>> (I have sent a series for this but it aimed for VFIO, I will convert it for
>> IOASID later [1] :-)), how could we find the handler for the received fault
>> event which only contains a Stream ID... Do we also have to maintain a
>> dev(vPASID)->ioasid mapping in the IOMMU layer?
>>
>> [1] https://lore.kernel.org/patchwork/cover/1410223/
> 
> Best regards,
> baolu
> .

^ permalink raw reply	[flat|nested] 258+ messages in thread

* RE: [RFC] /dev/ioasid uAPI proposal
  2021-05-28 16:23 ` Jean-Philippe Brucker
  2021-05-28 20:16   ` Jason Gunthorpe
@ 2021-06-01  7:50   ` Tian, Kevin
  1 sibling, 0 replies; 258+ messages in thread
From: Tian, Kevin @ 2021-06-01  7:50 UTC (permalink / raw)
  To: Jean-Philippe Brucker
  Cc: LKML, Joerg Roedel, Jason Gunthorpe, Lu Baolu, David Woodhouse,
	iommu, kvm, Alex Williamson (alex.williamson@redhat.com),
	Jason Wang, Eric Auger, Jonathan Corbet, Raj, Ashok, Liu, Yi L,
	Wu, Hao, Jiang, Dave, Jacob Pan, David Gibson, Kirti Wankhede,
	Robin Murphy

> From: Jean-Philippe Brucker <jean-philippe@linaro.org>
> Sent: Saturday, May 29, 2021 12:23 AM
> >
> > IOASID nesting can be implemented in two ways: hardware nesting and
> > software nesting. With hardware support the child and parent I/O page
> > tables are walked consecutively by the IOMMU to form a nested translation.
> > When it's implemented in software, the ioasid driver is responsible for
> > merging the two-level mappings into a single-level shadow I/O page table.
> > Software nesting requires both child/parent page tables operated through
> > the dma mapping protocol, so any change in either level can be captured
> > by the kernel to update the corresponding shadow mapping.
> 
> Is there an advantage to moving software nesting into the kernel?
> We could just have the guest do its usual combined map/unmap on the child
> fd
> 

There are at least two intended usages:

1) From previous discussion looks PPC's window-based scheme can be
better supported with software nesting (a shared IOVA address space
as the parent (shared by all devices) which is nested by multiple windows
as the children (per-device);

2) Some mdev drivers (e.g. kvmgt) may want to do write-protection on 
guest data structures (base address programmed to mediated MMIO
register). The base address is IOVA while  KVM page-tracking API is 
based on GPA. nesting allows finding GPA according to IOVA.

Thanks
Kevin

^ permalink raw reply	[flat|nested] 258+ messages in thread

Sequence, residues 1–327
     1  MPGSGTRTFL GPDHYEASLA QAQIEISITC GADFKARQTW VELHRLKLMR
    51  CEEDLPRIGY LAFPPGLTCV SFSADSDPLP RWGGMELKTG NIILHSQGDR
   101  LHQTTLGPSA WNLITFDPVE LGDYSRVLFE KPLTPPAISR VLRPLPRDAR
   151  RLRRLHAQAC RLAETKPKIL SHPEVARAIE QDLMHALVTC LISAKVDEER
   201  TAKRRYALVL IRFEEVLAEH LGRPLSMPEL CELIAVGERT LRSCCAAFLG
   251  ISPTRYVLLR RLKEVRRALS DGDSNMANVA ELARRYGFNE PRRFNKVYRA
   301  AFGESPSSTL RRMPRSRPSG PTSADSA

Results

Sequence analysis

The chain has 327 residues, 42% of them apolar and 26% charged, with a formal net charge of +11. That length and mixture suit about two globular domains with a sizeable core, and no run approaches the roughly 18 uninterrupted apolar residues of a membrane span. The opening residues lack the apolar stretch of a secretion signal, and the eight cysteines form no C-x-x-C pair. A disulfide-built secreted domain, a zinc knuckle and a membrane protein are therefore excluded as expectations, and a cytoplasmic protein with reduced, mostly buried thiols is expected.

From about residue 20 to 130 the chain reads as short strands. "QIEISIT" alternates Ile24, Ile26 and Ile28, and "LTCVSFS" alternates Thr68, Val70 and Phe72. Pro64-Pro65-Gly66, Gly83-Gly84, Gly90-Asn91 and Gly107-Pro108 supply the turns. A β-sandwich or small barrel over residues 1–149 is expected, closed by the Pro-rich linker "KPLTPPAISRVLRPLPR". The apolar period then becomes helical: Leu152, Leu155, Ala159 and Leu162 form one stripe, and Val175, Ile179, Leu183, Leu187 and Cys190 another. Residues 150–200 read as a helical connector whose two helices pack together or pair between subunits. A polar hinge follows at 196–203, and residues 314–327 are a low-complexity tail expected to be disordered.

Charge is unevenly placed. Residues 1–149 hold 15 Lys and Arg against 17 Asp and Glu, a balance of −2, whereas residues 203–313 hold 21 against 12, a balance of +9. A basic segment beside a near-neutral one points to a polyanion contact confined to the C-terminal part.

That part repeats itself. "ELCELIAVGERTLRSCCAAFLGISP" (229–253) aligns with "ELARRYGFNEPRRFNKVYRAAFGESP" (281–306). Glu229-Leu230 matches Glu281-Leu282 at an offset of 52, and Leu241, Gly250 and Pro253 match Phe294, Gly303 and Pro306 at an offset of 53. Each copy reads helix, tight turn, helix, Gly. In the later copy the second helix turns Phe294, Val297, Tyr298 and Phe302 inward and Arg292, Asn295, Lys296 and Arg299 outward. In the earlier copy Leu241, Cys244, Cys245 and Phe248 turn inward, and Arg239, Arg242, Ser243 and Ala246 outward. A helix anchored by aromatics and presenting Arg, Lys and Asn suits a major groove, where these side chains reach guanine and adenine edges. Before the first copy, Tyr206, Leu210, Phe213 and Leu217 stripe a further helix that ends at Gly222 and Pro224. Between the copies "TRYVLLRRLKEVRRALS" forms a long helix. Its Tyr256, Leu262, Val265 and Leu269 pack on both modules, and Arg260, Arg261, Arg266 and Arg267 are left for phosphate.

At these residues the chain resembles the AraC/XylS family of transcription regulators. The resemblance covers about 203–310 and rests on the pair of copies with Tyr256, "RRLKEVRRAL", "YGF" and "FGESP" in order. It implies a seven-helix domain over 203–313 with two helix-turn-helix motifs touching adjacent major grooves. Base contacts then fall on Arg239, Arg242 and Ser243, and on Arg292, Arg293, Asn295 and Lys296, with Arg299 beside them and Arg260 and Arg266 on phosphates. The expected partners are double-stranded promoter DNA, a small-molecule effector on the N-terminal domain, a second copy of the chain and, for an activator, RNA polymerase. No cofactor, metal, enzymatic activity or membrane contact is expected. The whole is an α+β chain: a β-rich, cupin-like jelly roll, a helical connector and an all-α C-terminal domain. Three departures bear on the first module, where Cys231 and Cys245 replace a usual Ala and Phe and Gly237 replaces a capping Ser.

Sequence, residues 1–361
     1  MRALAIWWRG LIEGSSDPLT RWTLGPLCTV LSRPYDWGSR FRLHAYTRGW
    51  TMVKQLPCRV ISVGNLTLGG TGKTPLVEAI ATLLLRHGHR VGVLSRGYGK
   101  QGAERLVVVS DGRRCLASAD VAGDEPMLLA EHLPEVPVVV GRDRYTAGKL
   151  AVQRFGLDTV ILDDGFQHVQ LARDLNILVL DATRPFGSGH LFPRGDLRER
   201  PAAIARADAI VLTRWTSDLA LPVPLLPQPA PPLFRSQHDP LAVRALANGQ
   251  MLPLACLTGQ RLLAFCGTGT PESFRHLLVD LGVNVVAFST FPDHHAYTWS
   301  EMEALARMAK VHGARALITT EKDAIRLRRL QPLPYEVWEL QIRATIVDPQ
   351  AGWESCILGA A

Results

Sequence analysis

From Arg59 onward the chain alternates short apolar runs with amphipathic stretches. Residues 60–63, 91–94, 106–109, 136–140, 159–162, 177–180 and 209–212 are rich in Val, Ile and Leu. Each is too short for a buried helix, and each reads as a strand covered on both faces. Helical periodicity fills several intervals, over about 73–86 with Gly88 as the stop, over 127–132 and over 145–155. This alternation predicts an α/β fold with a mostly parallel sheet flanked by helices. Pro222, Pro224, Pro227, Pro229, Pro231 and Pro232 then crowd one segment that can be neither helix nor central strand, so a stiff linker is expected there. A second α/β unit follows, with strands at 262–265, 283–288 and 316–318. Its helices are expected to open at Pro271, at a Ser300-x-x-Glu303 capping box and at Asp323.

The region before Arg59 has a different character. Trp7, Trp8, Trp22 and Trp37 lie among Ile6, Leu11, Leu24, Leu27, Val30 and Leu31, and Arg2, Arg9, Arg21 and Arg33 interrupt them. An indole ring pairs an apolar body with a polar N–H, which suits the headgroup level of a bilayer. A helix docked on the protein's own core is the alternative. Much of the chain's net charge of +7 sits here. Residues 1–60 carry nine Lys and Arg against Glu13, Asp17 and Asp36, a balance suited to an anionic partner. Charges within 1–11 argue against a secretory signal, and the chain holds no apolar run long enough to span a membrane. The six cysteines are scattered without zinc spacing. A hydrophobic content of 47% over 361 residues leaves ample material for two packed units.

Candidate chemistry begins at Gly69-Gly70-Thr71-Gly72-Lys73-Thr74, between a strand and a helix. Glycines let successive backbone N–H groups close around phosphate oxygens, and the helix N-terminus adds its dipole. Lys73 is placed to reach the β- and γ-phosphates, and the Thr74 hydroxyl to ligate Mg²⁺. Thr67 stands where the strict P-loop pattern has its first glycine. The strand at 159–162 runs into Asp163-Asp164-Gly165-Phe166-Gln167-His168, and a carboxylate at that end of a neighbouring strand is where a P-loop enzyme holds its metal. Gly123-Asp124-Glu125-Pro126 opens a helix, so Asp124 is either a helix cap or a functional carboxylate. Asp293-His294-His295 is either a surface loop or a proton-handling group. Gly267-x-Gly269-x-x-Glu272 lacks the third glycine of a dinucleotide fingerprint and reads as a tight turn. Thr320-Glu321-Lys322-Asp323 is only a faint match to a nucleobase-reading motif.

* RE: [RFC] /dev/ioasid uAPI proposal
  2021-05-28 17:35 ` Jason Gunthorpe
@ 2021-06-01  8:10   ` Tian, Kevin
  2021-06-01 17:42     ` Jason Gunthorpe
  2021-06-02  6:32   ` David Gibson
  1 sibling, 1 reply; 258+ messages in thread
From: Tian, Kevin @ 2021-06-01  8:10 UTC (permalink / raw)
  To: Jason Gunthorpe
  Cc: LKML, Joerg Roedel, Lu Baolu, David Woodhouse, iommu, kvm,
	Alex Williamson (alex.williamson@redhat.com),
	Jason Wang, Eric Auger, Jonathan Corbet, Raj, Ashok, Liu, Yi L,
	Wu, Hao, Jiang, Dave, Jacob Pan, Jean-Philippe Brucker,
	David Gibson, Kirti Wankhede, Robin Murphy

> From: Jason Gunthorpe <jgg@nvidia.com>
> Sent: Saturday, May 29, 2021 1:36 AM
> 
> On Thu, May 27, 2021 at 07:58:12AM +0000, Tian, Kevin wrote:
> 
> > IOASID nesting can be implemented in two ways: hardware nesting and
> > software nesting. With hardware support the child and parent I/O page
> > tables are walked consecutively by the IOMMU to form a nested translation.
> > When it's implemented in software, the ioasid driver is responsible for
> > merging the two-level mappings into a single-level shadow I/O page table.
> > Software nesting requires both child/parent page tables operated through
> > the dma mapping protocol, so any change in either level can be captured
> > by the kernel to update the corresponding shadow mapping.
> 
> Why? A SW emulation could do this synchronization during invalidation
> processing if invalidation contained an IOVA range.

In this proposal we differentiate between host-managed and user-
managed I/O page tables. If host-managed, the user is expected to use
map/unmap cmd explicitly upon any change required on the page table. 
If user-managed, the user first binds its page table to the IOMMU and 
then use invalidation cmd to flush iotlb when necessary (e.g. typically
not required when changing a PTE from non-present to present).

We expect user to use map+unmap and bind+invalidate respectively
instead of mixing them together. Following this policy, map+unmap
must be used in both levels for software nesting, so changes in either 
level are captured timely to synchronize the shadow mapping.

> 
> I think this document would be stronger to include some "Rational"
> statements in key places
> 

Sure. I tried to provide rationale as much as possible but sometimes 
it's lost in a complex context like this. :)

Thanks
Kevin

^ permalink raw reply	[flat|nested] 258+ messages in thread

* RE: [RFC] /dev/ioasid uAPI proposal
  2021-05-28 19:58 ` Jason Gunthorpe
@ 2021-06-01  8:38   ` Tian, Kevin
  2021-06-01 17:56     ` Jason Gunthorpe
  2021-06-02  6:48   ` David Gibson
  1 sibling, 1 reply; 258+ messages in thread
From: Tian, Kevin @ 2021-06-01  8:38 UTC (permalink / raw)
  To: Jason Gunthorpe
  Cc: LKML, Joerg Roedel, Lu Baolu, David Woodhouse, iommu, kvm,
	Alex Williamson (alex.williamson@redhat.com),
	Jason Wang, Eric Auger, Jonathan Corbet, Raj, Ashok, Liu, Yi L,
	Wu, Hao, Jiang, Dave, Jacob Pan, Jean-Philippe Brucker,
	David Gibson, Kirti Wankhede, Robin Murphy

> From: Jason Gunthorpe <jgg@nvidia.com>